This activity also gave me a chance to reinforce 'never', by narrating findings such as 'The girls have never bought a snake'. They repeated my observations chorally to practice the structure :-)

I've already blogged about this next display, so sorry for the repeat :-p 
I made a list of all of our focus words in the past participle form and attached them to the wall with Tac. In addition to providing the students with a visual cue during class discussions, I can get them to stand up and move words around (like placing 'already' and 'yet' at the end of the sentence.) We can also remove them and use them to create sentences on the whiteboard.

Then we made Cooty Catchers to reinforce the difference between 'yet' and 'already' and their positions in a sentence. On the outside we wrote 'have', 'has', 'haven't' and 'hasn't'. 
To play, the kids had to choose one of these words, which the Cooty Catcher Operator would spell out. The choice of affirmative or negative also dictated whether the kids had to form a sentence with 'already' or 'yet'. Then the kids had to choose a past participle. Then they invented sentences.
Inside the Cooty Catcher were the two possible word orders for the sentences, e.g.

have/ has + already + Past Participle
haven't/ hasn't + Past Participle + yet

Enough grammar! I love it but I know it's not a favourite for everyone :-D

Now for the giveaways!

Ash from Pixy Stix and Teacher Tricks is celebrating 100 followers with a big fat giveaway! There are 13 prizes including $15 of graphics from Mel at Frogspot From the Pond. I LOVE her graphics! AND she's an Aussie which makes her even better :-P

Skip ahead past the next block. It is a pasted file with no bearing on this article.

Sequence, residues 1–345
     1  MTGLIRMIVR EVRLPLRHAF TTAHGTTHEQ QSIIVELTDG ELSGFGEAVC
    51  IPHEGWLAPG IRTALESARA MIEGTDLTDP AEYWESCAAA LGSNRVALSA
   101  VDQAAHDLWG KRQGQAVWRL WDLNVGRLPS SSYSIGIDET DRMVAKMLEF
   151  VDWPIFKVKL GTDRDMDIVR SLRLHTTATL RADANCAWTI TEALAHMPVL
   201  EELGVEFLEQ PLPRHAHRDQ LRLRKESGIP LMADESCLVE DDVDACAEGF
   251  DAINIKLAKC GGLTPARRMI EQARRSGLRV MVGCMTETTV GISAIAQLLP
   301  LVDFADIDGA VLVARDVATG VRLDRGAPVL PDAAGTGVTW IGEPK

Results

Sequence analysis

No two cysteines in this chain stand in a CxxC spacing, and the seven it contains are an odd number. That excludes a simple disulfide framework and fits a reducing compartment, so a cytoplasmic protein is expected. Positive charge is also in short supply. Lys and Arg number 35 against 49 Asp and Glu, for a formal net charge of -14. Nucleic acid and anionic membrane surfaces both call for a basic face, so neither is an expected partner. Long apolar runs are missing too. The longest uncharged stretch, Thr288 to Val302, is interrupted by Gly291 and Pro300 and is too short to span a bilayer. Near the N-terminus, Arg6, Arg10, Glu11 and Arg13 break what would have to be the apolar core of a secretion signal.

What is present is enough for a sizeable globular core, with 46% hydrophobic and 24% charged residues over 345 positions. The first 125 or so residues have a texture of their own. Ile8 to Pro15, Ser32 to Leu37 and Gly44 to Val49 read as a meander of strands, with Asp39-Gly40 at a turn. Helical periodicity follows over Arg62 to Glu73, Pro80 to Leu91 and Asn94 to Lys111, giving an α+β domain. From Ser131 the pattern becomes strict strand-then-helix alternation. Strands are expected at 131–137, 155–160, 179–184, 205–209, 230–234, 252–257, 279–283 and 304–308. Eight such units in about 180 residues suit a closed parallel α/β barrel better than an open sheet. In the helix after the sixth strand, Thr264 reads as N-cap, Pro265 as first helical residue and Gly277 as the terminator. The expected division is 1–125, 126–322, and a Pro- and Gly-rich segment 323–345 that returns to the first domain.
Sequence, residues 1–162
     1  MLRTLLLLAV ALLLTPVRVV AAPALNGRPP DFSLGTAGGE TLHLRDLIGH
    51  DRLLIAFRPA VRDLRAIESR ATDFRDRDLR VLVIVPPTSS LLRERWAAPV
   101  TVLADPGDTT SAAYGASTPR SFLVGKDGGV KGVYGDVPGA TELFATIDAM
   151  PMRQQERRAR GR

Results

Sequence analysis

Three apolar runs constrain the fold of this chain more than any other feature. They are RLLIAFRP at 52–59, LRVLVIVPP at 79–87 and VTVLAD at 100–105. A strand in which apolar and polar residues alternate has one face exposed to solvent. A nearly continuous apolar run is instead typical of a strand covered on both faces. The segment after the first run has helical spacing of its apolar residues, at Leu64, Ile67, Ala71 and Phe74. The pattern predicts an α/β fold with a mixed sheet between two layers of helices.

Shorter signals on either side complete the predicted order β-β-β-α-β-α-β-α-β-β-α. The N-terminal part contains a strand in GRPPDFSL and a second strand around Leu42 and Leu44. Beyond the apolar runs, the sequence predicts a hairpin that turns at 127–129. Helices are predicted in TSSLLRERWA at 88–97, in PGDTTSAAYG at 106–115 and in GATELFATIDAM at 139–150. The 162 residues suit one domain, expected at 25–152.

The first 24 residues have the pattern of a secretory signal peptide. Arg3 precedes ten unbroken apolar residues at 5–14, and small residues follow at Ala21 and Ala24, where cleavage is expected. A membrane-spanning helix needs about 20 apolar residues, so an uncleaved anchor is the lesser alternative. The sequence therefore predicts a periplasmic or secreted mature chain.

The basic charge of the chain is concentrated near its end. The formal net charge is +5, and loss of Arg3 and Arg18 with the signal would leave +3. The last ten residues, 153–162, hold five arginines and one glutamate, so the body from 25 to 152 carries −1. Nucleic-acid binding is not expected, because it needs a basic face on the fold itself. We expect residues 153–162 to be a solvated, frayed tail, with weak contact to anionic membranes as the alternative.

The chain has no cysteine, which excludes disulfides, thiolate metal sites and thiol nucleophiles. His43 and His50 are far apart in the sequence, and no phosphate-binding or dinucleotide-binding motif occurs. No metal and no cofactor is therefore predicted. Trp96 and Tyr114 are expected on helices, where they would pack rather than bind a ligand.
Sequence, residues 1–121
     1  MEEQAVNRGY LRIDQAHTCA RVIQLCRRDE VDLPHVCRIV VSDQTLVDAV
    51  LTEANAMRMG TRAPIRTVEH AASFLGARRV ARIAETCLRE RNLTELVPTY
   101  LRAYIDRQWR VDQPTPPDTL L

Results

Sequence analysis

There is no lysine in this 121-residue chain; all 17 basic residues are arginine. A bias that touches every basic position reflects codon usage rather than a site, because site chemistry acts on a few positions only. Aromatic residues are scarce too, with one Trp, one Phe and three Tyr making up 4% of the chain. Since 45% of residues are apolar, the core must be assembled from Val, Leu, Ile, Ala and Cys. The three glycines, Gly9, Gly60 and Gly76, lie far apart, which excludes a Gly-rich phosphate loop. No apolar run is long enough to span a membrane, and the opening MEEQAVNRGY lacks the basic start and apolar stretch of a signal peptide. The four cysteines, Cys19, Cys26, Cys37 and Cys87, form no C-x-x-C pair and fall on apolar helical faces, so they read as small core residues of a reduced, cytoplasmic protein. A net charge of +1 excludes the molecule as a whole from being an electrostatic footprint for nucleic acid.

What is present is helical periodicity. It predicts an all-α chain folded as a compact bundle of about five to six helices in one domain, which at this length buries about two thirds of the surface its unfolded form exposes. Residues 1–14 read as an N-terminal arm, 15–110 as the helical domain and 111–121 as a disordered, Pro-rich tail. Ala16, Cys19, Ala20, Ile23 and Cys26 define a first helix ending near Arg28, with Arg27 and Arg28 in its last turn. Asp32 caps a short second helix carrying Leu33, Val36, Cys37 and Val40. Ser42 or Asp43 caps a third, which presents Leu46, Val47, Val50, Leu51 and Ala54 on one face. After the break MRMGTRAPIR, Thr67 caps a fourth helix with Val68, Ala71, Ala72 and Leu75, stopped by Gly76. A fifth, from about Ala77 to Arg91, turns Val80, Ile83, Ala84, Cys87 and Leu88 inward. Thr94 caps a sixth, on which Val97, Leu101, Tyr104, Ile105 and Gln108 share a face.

Latoya at Flying into First is having a 200 follower giveaway... I swear she just had a 100 follower giveaway only a few days ago?! Clearly, she has an awesome blog which you need to check out if you haven't already. She is doing her giveaway in 2 parts (because it is SO BIG!)

Stephanie is a new blogger like me. Her blog is called Sparkling in Third Grade. She is giving away a bunch of her TpT products plus a $25 Nordstrom gift card to celebrate her entry into the blogging world. How sweet is she?? I love her already.

Krista from Stellar Students is having a giant Spooktacular giveaway. Seriously, it is huge. In addition to TpT goodies, she is also giving away a $25 Ebay gift card, and a super cute Thirty One bag full of Philosophy skincare. You need to hurry with this one though as it ends at midnight on Sunday!

Buena suerte como siempre! 
As always, good luck!


  1. Kirra, you are right- grammar can be so tricky to teach and not always very interesting. I like how you incorporated the graphing idea, so clever! I did have a bit of a giggle at your "cooty catchers", we call them chatterboxes. I use them for spelling as well.
    Mrs Poultney's Ponderings

  2. I forgot what we call them in Australia :-o Thank you for reminding me Tania! I swear am becoming more Americanised the longer I live in Mexico.

    Here in Mexico they call them 'adivinadoras' (fortune tellers). This is the first time I have used them here but the kids love them; I will have to adapt the idea for other classes I think!

  3. Great Post on giveaways I will have to check them out. I'm having a giveaway right now on my blog too if you would like to check it out!
    The Hive